Wednesday, 27 August 2014

Walt Disney's Mary Poppins's 50th Anniversary

It was 50 years ago today that the classic Walt Disney musical Mary Poppins premiered in Los Angeles, California. Upon its release the film proved to a phenomenal success. It grossed  $28.5 million, making it the top box office film for 1964. Mary Poppins was not simply a financial success, however, as it also received a good deal of critical acclaim. The film also received a number of awards, including five Oscars (it was nominated for a total of 13) and one BAFTA award among many others. Today it is not only regarded as a classic, but as one of the greatest musicals of all time.

The character of Mary Poppins originated in the 1934 novel Mary Poppins by poet, actress, and journalist P. L. Travers. Mary Poppins proved successful and was followed by another novel, Mary Poppins Comes Back, in 1935. Ultimately there would be six more Mary Poppins books, published from 1943 to 1988. With the success of the very first book P. L. Travers started receiving offers from movie executives for the film rights. For various reasons P. L. Travers turned down most of the offers to adapt Mary Poppins over the years. Eventually she did accept one, but it was not from the ever-persistent Walt Disney. Instead the offer she accepted was from the American network CBS-TV. Ultimately the network aired a live adaptation of Mary Poppins as an episode of their prestigious anthology show Studio One. The episode starred Mary Wickes as Mary Poppins and E. G. Marshall as George Banks. Julie Andrews was then not the first actress to portray Mary Poppins.

Of course, Walt Disney was among the number of movie executives eager to adapt Mary Poppins to film. It was in 1944 that his brother and fellow executive Roy Disney visited P. L. Travers about adapting the books as a motion picture. At the time Walt Disney would be rebuffed, but he remained persistent. On and off for the next sixteen years Mr Disney enquired about the rights to Mary Poppins. With the royalties to her books declining, it was in 1960 that P. L. Travers finally agreed to sell the film rights to Walt Disney.

To write the songs for the film Mary Poppins Walt Disney looked to brothers  Robert B. Sherman and  Richard M. Sherman. Over the years the Sherman Brothers (as they were collectively known) would not only write the songs for Mary Poppins, but those for many other Walt Disney films as well as songs for the Disney theme parks. For the all important role of Mary Poppins, Walt Disney cast actress Julie Andrews. Miss Andrews already had an extensive career on stage, having appeared in The Boy Friend and My Fair Lady. Walt Disney decided upon her when he saw her on Broadway in Camelot. For Julie Andrews there were only two problems with taking the role of Mary Poppins. The first was that she was three months pregnant at the time. Walt Disney told her that they could simply delay production until after she had the baby. The second was that Warner Bros. was producing a film adaptation of My Fair Lady. Julie Andrews had originated the role of Eliza Doolittle in My Fair Lady on both the West End and Broadway. It was possible, then, that she might be cast in the role for the film. Miss Andrews was concerned that she could back out of Mary Poppins if she was cast in the role of Eliza in the film version of My Fair Lady. As it turned out Jack Warner chose superstar Audrey Hepburn over Julie Andrews because Miss Andrews was not yet a household name. Walt Disney then had his Mary Poppins.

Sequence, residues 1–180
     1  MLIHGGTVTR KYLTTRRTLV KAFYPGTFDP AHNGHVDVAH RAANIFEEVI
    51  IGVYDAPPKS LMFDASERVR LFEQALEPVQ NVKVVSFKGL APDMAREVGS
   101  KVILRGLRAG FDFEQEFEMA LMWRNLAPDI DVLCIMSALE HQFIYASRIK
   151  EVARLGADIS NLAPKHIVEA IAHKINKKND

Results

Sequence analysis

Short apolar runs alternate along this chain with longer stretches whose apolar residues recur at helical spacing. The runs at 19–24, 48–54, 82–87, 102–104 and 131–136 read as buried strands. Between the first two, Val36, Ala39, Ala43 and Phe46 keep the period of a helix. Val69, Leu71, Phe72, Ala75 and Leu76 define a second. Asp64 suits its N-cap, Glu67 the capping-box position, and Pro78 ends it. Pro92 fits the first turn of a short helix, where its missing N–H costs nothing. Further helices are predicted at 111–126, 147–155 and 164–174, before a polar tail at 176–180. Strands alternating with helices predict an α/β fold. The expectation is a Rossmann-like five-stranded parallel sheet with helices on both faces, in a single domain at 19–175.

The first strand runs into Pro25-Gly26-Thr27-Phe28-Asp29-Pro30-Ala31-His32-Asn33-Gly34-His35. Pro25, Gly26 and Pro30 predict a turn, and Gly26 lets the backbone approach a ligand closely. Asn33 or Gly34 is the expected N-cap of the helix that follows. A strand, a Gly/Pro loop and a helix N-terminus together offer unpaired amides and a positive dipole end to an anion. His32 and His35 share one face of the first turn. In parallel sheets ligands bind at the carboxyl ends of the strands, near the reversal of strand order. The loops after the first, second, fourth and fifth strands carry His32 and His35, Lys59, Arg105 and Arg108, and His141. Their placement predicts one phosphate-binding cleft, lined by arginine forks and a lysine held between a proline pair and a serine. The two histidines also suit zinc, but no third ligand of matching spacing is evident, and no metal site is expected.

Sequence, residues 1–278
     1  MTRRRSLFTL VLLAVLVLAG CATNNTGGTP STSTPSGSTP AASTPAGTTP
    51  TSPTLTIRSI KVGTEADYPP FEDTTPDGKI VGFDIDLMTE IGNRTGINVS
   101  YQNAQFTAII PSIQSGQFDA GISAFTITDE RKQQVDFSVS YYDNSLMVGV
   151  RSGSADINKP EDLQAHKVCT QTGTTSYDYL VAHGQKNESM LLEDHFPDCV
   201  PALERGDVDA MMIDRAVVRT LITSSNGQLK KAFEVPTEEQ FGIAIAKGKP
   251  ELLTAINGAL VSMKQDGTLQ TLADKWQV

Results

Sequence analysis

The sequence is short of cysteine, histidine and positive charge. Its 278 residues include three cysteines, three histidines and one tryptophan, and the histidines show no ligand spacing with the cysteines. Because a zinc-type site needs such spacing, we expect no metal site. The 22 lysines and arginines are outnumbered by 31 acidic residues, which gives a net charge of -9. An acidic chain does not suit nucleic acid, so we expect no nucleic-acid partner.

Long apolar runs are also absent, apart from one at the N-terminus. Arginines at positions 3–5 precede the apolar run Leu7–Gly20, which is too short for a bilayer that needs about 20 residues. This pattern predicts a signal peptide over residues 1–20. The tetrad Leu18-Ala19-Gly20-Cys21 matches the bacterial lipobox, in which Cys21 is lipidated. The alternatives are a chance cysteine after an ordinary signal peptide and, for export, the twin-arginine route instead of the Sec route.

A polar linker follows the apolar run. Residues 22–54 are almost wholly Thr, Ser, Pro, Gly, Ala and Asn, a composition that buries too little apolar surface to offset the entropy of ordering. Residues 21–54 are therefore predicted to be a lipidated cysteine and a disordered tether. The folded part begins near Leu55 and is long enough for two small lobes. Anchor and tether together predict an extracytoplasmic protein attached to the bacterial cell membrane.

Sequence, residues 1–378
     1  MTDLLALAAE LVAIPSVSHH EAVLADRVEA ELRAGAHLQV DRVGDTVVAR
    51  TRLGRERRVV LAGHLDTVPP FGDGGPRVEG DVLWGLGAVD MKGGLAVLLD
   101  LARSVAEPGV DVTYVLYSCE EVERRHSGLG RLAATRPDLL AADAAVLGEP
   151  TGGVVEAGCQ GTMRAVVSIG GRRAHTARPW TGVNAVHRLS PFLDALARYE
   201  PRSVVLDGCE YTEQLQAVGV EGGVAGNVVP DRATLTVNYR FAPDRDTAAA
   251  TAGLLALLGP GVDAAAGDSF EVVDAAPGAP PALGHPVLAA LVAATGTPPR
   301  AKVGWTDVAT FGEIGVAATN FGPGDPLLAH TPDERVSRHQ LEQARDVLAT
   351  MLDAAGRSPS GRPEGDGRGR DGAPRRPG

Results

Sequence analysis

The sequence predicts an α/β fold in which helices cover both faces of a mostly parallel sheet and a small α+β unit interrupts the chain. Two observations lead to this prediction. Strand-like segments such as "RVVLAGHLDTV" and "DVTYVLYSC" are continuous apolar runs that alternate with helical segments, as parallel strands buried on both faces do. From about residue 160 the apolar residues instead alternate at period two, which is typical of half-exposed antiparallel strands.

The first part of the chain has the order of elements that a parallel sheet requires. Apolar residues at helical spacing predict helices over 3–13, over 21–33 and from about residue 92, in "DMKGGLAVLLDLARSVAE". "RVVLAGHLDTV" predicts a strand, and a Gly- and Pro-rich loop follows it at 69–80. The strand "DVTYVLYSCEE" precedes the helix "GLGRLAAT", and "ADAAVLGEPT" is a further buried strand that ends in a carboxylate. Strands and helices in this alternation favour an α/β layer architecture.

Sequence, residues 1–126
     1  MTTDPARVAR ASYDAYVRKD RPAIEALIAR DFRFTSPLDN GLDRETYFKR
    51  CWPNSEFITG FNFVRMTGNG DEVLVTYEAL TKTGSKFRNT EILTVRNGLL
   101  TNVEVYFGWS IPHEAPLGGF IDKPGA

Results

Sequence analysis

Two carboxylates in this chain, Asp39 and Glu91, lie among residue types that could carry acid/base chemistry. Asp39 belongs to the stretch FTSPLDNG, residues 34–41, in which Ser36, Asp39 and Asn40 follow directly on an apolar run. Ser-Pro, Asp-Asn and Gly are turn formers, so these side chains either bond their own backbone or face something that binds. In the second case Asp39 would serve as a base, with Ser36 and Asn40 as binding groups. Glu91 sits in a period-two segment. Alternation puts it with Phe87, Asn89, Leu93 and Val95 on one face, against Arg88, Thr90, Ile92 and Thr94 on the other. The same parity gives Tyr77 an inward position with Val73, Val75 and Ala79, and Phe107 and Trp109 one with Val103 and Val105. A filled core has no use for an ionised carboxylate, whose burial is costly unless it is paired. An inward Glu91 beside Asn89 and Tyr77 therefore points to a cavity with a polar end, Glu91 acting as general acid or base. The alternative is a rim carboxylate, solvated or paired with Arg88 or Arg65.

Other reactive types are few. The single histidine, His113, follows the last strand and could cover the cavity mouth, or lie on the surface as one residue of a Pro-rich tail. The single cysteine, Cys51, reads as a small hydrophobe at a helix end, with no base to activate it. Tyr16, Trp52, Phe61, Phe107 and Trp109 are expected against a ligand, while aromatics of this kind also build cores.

Mary Poppins proved to be an unqualified success upon its initial release. The film proved a huge success at the box office. As mentioned earlier, it became the highest grossing film of 1964 (ironically, among the films it out-grossed was the one for which Julie Andrews had been passed up, My Fair Lady). It also received overwhelmingly positive reviews. In The New York Times Bosley Crowther referred to it as "...the nicest entertainment that has opened at the Music Hall this year (the "Music Hall" to which he is referring is Radio City Music Hall--Terence)." In The Miami Times Herb Kelly wrote that Mary Poppins " everything one could ask for in the way of entertainment and Walt Disney's magic touch is everywhere."As mentioned earlier, Mary Poppins also won a number of awards, including quite a few Oscars.

Of course, while audiences and critics loved Mary Poppins, there was one very notable person who did not. Author P. L. Travers actually disliked the film and objected to many aspects of it. She was upset that the Mary Poppins in the film was a much cheerier character than the somewhat cold and intimidating nanny of her books. She also disliked the use of animation in the film, something to which she had objected from the very beginning. According to Richard Sherman, P. L. Travers even hated the songs in the film. P. L. Travers disliked the film adaptation of Mary Poppins enough that she left the premiere in tears. Afterwards she would never again allow any of the Mary Poppins stories to be adapted to the screen or television.

While P. L. Travers hated the film, it is clear from the past fifty years that many people have loved Mary Poppins. It is not only counted as one of Walt Disney's finest achievements, but among the greatest musicals of the Sixties. In a survey conducted in the United Kingdom  in 2009 by the biscuit/cookie brand Oreo, Mary Poppins topped the list of the best family films, beating out even The Wizard of Oz and Willy Wonka and the Chocolate Factory. The character of Mary Poppins ranked #41 in a list of the "100 Greatest Movie Characters" compiled by Empire magazine. In 2013 the Library of Congress selected Mary Poppins for inclusion in the National Film Registry. Over the years Mary Poppins has come to be regarded as a classic and there can be no doubt it will continue to be regarded as such for a long time to come.

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